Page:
DOI 10.5414/CN107205

Clinical Nephrology, Volume 78 (2012) - October (328 - 331)

Thomsen-Friedenreich antigen exposure as a cause of Streptococcus pyogenes-associated hemolytic-uremic syndrome

Masaki Shimizu1, Tadafumi Yokoyama1, Natsuma Sakashita1, Akira Sato1, Kazuyuki Ueno1, Chisato Akita2, Kazuhide Ohta3, Etsuko Kitano4, Michiyo Hatanaka4, Hajime Kitamura5, Yutaka Saikawa2, Akihiro Yachie1
1 Department of Pediatrics, School of Medicine, Institute of Medical, Pharmaceutical, Health Sciences, Kanazawa University, Kanazawa, 2 Department of Pediatrics, School of Medicine, Kanazawa Medical University, Uchinada, 3 Department of Pediatrics, Kanazawa Medical Center, Kanazawa, 4 Department of Medical Technology, Kobe Tokiwa University, Kobe, 5 Department of Nutritional Sciences for Wellbeing, Kansai University of Welfare Sciences, Kashiwara, Osaka, Japan

Abstract

Infection with Streptococcus pyogenes, a Group A beta-hemolytic streptococcus (GAS), is a rare cause of hemolyticuremic syndrome (HUS). Invasive infections with Streptococcus pneumoniae that produce neuraminidase are a well-recognized cause of HUS without diarrhea. The Thomsen- Friedenreich antigen (T antigen) plays a role in the pathophysiology of pneumococcal HUS. We describe the case of a 3-year-old boy with GAS-associated HUS and show how T-antigen exposure was implicated in this case. He had no diarrhea and cultures for blood, urine, and stool were negative. The urinary pneumococcal antigen was negative; his direct Coombs test was positive. Glomerular capillary loops, tubular epithelium on his renal biopsy specimen, and red blood cells in his blood smear showed positive fluorescence with anti-T lectin. Although the pathogenesis of GAS-associated HUS is not well understood, T-antigen exposure may be implicated in some cases with GAS-associated HUS.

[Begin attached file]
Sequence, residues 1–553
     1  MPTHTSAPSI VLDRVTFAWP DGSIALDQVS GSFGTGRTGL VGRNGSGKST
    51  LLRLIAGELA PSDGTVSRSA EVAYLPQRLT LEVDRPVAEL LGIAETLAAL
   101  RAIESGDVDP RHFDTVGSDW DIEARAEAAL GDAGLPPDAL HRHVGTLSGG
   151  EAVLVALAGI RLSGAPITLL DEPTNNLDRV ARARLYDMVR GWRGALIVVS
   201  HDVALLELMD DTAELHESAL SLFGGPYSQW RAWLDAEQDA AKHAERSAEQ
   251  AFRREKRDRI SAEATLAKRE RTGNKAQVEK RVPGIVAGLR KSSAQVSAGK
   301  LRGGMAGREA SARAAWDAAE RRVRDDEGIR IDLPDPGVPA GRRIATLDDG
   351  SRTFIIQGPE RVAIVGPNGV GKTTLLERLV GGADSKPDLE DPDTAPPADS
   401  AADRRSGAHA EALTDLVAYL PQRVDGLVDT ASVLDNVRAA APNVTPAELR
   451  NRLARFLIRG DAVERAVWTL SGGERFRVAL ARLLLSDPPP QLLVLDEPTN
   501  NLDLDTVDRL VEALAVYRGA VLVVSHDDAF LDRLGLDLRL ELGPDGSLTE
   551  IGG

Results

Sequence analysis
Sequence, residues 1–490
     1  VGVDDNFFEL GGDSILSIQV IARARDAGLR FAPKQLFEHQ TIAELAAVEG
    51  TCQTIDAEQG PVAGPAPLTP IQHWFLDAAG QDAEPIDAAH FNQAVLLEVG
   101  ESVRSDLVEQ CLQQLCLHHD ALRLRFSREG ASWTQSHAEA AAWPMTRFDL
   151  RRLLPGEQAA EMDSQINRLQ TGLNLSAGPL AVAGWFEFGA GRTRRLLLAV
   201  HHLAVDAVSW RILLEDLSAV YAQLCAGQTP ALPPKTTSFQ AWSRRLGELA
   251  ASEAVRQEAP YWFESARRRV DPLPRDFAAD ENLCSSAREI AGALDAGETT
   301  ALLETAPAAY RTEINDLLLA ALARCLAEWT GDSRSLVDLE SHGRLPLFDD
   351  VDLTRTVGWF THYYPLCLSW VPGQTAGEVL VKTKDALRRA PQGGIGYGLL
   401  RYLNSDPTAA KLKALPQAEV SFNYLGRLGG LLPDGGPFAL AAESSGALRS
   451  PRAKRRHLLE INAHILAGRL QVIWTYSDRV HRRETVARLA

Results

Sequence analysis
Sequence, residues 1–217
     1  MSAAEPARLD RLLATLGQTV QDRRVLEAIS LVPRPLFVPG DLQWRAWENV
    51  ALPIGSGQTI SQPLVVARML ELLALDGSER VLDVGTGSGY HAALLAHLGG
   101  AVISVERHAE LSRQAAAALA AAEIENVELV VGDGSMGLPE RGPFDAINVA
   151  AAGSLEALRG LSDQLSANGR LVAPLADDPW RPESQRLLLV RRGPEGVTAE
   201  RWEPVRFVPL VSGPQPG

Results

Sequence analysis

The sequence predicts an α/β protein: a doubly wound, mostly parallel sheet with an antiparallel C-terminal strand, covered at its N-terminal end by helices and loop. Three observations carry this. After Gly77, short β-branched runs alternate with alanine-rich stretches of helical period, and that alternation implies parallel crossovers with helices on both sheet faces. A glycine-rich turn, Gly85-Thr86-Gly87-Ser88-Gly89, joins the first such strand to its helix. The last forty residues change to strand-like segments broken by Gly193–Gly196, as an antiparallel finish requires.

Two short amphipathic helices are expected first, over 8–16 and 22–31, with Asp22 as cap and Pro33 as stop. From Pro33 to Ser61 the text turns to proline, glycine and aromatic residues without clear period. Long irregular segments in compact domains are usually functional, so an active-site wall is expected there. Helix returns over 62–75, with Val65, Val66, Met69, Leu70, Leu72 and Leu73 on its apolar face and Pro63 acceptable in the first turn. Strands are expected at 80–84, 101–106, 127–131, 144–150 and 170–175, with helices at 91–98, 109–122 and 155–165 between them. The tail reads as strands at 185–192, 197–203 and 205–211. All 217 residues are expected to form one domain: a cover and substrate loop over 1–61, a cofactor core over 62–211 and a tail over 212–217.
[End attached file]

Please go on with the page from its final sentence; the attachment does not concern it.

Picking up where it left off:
Author Details

Authors

  • Masaki Shimizu1
  • Tadafumi Yokoyama1
  • Natsuma Sakashita1
  • Akira Sato1
  • Kazuyuki Ueno1
  • Chisato Akita2
  • Kazuhide Ohta3
  • Etsuko Kitano4
  • Michiyo Hatanaka4
  • Hajime Kitamura5
  • Yutaka Saikawa2
  • Akihiro Yachie1

Departments

  • 1 Department of Pediatrics, School of Medicine, Institute of Medical, Pharmaceutical, Health Sciences, Kanazawa University, Kanazawa,
  • 2 Department of Pediatrics, School of Medicine, Kanazawa Medical University, Uchinada,
  • 3 Department of Pediatrics, Kanazawa Medical Center, Kanazawa,
  • 4 Department of Medical Technology, Kobe Tokiwa University, Kobe,
  • 5 Department of Nutritional Sciences for Wellbeing, Kansai University of Welfare Sciences, Kashiwara, Osaka, Japan

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